CS 346 (W23)
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CI/CD

Test-Driven Development addresses the issue of doing local, small-scope testing as part of implementation. However, it doesn’t address issues related to the system as a whole, or that might only occur when components are integrated.

Martin Folwer introduced the term continuous integration to describe a system where we also perform integration testing at least once pr day.

The fundamental benefit of continuous integration is that it removes sessions where people spend time hunting bugs where one person’s work has stepped on someone else’s work without either person realizing what happened. These bugs are hard to find because the problem isn’t in one person’s area, it is in the interaction between two pieces of work.

– Fowler, 2000.

A system that supports continuous integration needs, at a minimum, the following capabilities:

  • It requires a revision control system, with a centralized main revision that can be used.
  • The build process should be automated so that anyone can manually launch the process. [it should also support automated testing based on other events, like integrating a branch in the source tree].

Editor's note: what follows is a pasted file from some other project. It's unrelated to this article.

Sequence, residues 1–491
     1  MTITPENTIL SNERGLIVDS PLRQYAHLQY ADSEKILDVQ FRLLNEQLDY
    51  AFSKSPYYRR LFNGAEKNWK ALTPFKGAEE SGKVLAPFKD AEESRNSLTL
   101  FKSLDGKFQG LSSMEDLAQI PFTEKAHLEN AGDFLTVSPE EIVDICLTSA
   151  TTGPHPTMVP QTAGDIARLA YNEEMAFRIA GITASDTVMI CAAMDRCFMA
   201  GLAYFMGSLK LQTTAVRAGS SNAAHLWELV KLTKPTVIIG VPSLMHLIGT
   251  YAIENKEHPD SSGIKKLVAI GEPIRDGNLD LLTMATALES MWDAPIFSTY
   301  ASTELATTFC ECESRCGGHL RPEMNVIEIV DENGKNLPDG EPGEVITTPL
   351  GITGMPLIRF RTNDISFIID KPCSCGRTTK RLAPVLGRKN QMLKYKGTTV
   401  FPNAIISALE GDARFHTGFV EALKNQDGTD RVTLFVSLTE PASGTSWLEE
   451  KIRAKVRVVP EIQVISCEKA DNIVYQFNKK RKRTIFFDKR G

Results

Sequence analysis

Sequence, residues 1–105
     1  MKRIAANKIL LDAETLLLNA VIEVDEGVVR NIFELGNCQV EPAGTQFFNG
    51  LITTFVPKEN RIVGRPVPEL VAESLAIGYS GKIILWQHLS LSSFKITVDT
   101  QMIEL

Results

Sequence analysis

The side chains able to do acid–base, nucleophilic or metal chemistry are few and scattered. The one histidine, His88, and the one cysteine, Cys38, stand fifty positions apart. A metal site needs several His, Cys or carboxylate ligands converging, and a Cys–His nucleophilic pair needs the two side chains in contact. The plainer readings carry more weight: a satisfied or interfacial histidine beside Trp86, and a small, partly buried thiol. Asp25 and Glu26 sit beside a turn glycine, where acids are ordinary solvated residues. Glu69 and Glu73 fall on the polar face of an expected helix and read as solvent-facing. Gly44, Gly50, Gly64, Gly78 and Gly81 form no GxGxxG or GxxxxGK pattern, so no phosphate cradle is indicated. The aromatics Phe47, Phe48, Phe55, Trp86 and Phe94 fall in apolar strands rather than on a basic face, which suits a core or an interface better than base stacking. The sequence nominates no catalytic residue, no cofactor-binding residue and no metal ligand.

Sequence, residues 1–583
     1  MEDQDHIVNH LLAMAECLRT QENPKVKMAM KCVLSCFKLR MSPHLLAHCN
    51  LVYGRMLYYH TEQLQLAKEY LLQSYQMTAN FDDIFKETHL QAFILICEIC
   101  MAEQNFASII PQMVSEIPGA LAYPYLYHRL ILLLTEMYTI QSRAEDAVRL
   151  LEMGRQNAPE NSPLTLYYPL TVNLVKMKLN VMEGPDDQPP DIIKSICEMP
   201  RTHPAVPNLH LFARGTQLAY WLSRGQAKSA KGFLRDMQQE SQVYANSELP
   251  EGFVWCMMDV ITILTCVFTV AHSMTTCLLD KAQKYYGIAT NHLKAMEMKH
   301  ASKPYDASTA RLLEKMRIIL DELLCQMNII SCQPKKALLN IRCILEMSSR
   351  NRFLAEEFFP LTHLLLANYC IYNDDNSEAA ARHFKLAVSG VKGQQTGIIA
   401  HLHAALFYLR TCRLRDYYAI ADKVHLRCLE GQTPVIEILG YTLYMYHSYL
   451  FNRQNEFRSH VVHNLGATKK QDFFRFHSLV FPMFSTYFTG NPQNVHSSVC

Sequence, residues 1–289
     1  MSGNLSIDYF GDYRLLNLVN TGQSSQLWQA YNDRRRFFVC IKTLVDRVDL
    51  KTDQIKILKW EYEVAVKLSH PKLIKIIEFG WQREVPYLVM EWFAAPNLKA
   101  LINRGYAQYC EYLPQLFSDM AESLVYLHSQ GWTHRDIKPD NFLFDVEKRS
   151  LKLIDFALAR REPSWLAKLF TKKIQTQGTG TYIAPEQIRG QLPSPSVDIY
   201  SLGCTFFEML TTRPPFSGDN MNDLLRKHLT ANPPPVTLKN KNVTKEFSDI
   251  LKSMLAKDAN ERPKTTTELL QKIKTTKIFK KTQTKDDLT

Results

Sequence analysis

• Tests should be automated so that they can be launched manually as well.
  • The system should produce a final distribution.

CI Systems

Continuous Integration Systems are software systems that provide these capabilities. Early standalone systems include Jenkins (Open Source), and CircleCI. Many source control platforms also provide CI functionality, including Bitbucket, GitHub and GitLab.

For example, you can automate GitLab so that it will build and run your tests anytime a specific action is performed like committing to a branch, or merging a PR. This is managed through the CI/CD section of the project configuration.

GitLab CI

The GitLab configuration and terminology is pretty standard:

  • A pipeline represents the work or the job that will be done.
  • A stage represents a set of jobs that need to be executed together.
  • Jobs are executed by runners, which define and where a job will be executed.

These all represent actions that will be taken against your source code repository at specific times. The examples that they provide include:

  • A build stage, with a job called compile.
  • A test stage, with two jobs called test1 and test2.
  • A staging stage, with a job called deploy-to-stage.
  • A production stage, with a job called deploy-to-prod.

In this way, you can setup your source code repository to build, test, stage and deploy your software automatically one or more times per day, as a result of some key event, or when manually executed.

Although we have a GitLab instance running, we do not have access to a cluster that can run jobs for us. In other words, we cannot do this in production using our current setup – at least not without gaining access to a Kubernetes cluster somewhere.